Baking Soda and The Mouth

Hi Dr. Ellie,

I’m a 22 year old college student in Houston, TX. I’ve been using your mouthcare system for two weeks, with the addition of flossing (after Closys and brushing, before Listerine) and am really happy with the results! My teeth have never felt cleaner, my chronic gingivitis has been completely eradicated, and I (think) I’m already seeing a reduction in white spot lesions, which I’ve had for a long time.

However, I do eat and drink a lot of acidic foods/drinks. I LOVE fruit, and eat it constantly. I’m also a big drinker of orange juice, green tea (which I’ve pH tested as neutral), and eat an abnormal amount of mustard. Since starting the system, I’ve consolidated my fruit consumption into planned snack times, as to better control the cariogenic challenges. I take some granular xylitol after every snack as well. The other thing I’ve done a couple of times is use a fairly dilute baking soda solution as a quick mouthwash right after eating a problematic food item, and right before enjoying some xylitol.
I know you’ve talked about baking soda causing gum recession in the past, but I gathered that those remarks were aimed at the Keyes technique, which uses a thick paste of salt, baking soda, hydrogen peroxide and forces it into the sulci. Do you really think that using a dilute solution of baking soda could have the same effects? I’m skeptical because baking soda is a common component of buffered saline solutions, like those used as nasal washes. 

Perhaps the baking soda is overkill, but it’s comforting to (theoretically) neutralize the acid in my mouth before I go on to take some Xylitol and continue my day.
The solution I use is a little more concentrated than buffered isotonic saline approximately 1 teaspoon of baking soda and 1 teaspoon of salt in two cups of water.

Thank’s so much for your amazing mouthcare system! I think preventative medicine is where the future of medicine simply has to go, and I look to you and others as role models in how to use clinical experience and scientific understanding into practical public health measures.
– J

Hi J,

I was excited to read your letter particularly to see your understanding of the way medicine needs to progress.

I know that you have read many of my comments ( not sure if it is via my blog or my book) and have a good understanding of ‘the process”

My comments would be:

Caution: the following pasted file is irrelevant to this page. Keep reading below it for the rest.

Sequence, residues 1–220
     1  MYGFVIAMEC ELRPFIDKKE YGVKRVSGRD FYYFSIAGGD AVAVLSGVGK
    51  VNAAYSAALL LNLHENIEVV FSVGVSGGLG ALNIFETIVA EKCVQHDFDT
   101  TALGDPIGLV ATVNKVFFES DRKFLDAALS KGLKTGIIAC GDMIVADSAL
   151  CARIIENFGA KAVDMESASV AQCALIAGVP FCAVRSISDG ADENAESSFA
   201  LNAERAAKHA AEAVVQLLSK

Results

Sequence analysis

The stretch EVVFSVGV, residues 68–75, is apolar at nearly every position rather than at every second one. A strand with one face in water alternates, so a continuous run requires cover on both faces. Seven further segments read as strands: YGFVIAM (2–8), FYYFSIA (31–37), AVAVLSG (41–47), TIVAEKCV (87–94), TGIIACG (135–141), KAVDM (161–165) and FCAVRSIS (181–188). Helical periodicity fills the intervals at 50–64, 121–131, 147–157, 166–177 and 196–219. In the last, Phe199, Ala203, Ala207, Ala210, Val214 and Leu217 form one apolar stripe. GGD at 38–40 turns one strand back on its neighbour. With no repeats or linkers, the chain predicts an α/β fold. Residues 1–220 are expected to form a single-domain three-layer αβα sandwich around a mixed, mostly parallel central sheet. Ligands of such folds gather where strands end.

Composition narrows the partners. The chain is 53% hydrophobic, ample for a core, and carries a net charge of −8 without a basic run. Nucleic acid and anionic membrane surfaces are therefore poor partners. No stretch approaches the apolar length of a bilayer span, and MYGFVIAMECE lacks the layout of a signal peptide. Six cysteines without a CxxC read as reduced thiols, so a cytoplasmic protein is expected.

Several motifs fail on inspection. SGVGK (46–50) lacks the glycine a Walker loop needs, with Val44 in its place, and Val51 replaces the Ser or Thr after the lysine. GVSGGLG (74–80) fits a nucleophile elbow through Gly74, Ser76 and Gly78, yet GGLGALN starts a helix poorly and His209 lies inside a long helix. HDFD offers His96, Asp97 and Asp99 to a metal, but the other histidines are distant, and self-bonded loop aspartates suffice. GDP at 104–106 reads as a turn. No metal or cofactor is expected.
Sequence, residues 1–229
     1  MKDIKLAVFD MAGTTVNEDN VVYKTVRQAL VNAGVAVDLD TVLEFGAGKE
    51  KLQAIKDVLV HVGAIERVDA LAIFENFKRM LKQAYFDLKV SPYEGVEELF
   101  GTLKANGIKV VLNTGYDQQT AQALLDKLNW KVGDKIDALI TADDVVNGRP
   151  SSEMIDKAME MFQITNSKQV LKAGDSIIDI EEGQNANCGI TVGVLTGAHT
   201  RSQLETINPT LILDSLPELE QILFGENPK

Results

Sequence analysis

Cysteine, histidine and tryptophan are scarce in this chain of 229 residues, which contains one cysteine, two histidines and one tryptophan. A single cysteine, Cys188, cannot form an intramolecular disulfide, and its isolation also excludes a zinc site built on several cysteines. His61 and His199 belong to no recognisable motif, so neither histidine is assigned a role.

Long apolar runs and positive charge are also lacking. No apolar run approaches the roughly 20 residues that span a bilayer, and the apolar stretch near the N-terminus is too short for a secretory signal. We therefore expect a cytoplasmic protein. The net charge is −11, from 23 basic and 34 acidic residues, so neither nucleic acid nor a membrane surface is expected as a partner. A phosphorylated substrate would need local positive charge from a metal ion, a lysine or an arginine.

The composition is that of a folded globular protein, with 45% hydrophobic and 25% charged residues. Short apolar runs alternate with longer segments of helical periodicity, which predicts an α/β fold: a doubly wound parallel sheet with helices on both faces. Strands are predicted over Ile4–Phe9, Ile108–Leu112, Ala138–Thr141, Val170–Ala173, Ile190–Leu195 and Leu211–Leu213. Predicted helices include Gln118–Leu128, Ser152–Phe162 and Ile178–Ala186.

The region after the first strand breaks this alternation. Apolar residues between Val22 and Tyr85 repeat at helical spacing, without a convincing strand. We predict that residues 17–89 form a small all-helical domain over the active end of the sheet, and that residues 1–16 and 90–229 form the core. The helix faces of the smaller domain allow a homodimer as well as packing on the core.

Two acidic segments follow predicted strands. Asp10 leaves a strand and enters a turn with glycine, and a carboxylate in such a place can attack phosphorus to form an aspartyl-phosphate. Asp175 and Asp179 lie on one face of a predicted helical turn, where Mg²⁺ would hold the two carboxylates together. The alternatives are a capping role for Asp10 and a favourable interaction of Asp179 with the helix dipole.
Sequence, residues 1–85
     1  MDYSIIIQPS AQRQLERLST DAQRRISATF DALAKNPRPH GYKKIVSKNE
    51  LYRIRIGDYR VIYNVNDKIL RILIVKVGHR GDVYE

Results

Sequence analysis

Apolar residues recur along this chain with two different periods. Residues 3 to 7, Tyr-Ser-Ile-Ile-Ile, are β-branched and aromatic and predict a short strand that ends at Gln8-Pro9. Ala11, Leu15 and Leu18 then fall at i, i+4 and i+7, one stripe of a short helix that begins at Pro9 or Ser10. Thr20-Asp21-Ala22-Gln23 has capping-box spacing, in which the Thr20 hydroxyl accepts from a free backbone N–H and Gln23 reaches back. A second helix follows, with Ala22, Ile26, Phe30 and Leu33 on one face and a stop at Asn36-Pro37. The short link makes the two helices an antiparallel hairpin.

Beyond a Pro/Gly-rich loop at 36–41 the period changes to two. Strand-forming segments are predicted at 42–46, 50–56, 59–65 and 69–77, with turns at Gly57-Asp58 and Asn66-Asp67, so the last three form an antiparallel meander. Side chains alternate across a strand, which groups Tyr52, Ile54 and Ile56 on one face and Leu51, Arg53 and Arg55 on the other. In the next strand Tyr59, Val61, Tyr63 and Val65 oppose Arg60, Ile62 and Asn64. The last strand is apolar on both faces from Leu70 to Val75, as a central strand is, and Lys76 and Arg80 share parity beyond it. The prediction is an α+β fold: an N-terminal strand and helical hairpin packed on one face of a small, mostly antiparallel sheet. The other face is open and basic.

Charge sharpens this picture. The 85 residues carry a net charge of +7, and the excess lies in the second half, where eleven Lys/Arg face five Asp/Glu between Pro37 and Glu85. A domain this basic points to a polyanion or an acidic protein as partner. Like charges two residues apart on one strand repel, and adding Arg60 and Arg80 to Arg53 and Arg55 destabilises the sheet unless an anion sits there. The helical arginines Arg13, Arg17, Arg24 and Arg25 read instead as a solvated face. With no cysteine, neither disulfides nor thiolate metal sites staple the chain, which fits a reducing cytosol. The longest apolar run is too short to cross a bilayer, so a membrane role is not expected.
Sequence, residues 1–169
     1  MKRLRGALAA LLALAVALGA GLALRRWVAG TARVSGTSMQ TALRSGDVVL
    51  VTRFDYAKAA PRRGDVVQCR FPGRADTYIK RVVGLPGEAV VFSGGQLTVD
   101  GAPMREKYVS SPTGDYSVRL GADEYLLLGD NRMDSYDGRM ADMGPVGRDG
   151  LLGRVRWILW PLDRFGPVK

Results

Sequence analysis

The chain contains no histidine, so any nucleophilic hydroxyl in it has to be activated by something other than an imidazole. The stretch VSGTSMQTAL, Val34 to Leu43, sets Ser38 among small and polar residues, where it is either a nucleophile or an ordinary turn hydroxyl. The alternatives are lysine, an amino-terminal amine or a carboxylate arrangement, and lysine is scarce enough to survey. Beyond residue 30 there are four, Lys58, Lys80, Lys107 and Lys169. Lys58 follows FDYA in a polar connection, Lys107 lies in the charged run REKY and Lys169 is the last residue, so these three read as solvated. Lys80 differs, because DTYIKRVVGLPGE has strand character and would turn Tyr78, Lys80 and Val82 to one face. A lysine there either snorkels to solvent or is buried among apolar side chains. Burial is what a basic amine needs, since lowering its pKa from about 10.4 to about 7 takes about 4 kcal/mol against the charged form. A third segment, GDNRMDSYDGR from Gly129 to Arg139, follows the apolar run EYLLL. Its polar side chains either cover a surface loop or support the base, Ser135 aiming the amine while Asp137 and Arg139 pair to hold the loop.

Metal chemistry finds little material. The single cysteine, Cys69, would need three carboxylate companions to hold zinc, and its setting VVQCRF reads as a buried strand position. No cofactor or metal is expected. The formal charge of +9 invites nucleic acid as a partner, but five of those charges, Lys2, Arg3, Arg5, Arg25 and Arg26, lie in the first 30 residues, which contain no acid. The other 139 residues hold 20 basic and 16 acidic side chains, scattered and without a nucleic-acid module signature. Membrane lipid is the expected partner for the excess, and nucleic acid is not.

Floss first before you start the system.

Each item of the system needs to ‘flow” directly into the next for a number of reasons.

For example, the toothpaste releases fluoride quickly to the tooth surface ( to protect your teeth from the acidity of the Listerine).

I am not sure how long this protection remains and I am concerned that you are interrupting the system to floss and may be producing a change in outcome.

If you floss first you will be able to flow through the stages without interruption give it a whirl and see!

Try Zellies fruit Mints:

If you eat a lot of fruit I think Zellies fruit mints would be good for you to carry around!

I drink coffee several times a day and Zellies mints are invaluable protection from this acidity.

Baking Soda I know you want my comment on this!

Baking soda is an excellent cleaner it removes molds and bacteria efficiently.( I always clean my refrigerator with baking soda!) BUT Your teeth are not supposed to be squeaky clean!! I am sure that a one time use would “clean” gums and teeth quickly but I have concerns about the consequences of this harsh treatment. I would bet that if you charted progress following the Keyes technique, young healthy men probably recovered better than older women.

Teeth are supposed to have a natural biofilm covering them which protects the underlying (delicate) enamel crystals from thermal, chemical and mechanical damage.

I believe the problem is baking soda cleans away this natural biofilm.

Young healthy men, with good intestinal bacteria will probably be able to repopulate their mouths in a short amount of time.

Anyone with a compromised immune system, or an older adult, particularly one with an acidic mouth, may not repopulate with healthy bacteria.

Baking soda for these people will have denuded their teeth leaving them exposed to dangers of sensitivity, gum recession and enamel damage.


In the years ahead I think we are going to see more recommendation for probiotics to help keep teeth and mouths healthy.

Popular dental advice is usually aimed at “scrubbing, bleaching and polishing” teeth to clean, whiten and supposedly smooth teeth.

Since the structure of enamel is delicate and made up of soluble crystals, I do not believe harsh cleaning is in the best interest of your teeth!

Thanks so much for your interest and I wish you continued success with your oral health improvements.

Maybe, with your understanding, you will be able to help others enjoy oral health!
Best Wishes,


Ellie Phillips DDS
Solutions for Oral Health!
author, Kiss Your Dentist Goodbye

Categories: Uncategorized


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